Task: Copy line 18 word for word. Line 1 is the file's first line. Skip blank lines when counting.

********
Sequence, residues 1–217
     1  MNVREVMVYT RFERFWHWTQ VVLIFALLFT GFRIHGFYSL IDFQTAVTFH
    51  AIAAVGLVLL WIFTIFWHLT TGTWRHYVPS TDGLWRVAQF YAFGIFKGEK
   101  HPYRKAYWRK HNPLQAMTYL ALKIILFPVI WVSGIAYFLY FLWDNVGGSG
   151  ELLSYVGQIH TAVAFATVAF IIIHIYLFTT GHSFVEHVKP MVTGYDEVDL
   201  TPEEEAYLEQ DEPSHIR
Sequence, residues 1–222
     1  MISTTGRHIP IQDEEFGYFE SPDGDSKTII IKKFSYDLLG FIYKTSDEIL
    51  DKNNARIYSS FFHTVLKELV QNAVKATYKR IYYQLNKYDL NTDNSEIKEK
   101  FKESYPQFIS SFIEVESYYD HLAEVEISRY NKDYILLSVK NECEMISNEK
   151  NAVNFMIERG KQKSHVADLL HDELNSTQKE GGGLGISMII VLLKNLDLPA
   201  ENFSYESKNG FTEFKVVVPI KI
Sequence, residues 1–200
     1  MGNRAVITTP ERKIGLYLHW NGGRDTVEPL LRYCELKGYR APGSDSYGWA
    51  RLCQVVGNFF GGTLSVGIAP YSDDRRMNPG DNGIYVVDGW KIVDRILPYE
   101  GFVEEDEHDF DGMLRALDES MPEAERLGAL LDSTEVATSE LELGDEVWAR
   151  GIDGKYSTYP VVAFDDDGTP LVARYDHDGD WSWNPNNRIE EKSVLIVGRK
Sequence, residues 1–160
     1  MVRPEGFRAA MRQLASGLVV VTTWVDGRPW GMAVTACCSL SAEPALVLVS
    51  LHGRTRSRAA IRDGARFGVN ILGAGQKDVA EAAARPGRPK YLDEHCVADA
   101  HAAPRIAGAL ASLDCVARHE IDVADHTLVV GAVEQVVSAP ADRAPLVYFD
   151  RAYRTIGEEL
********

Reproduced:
Sequence, residues 1–160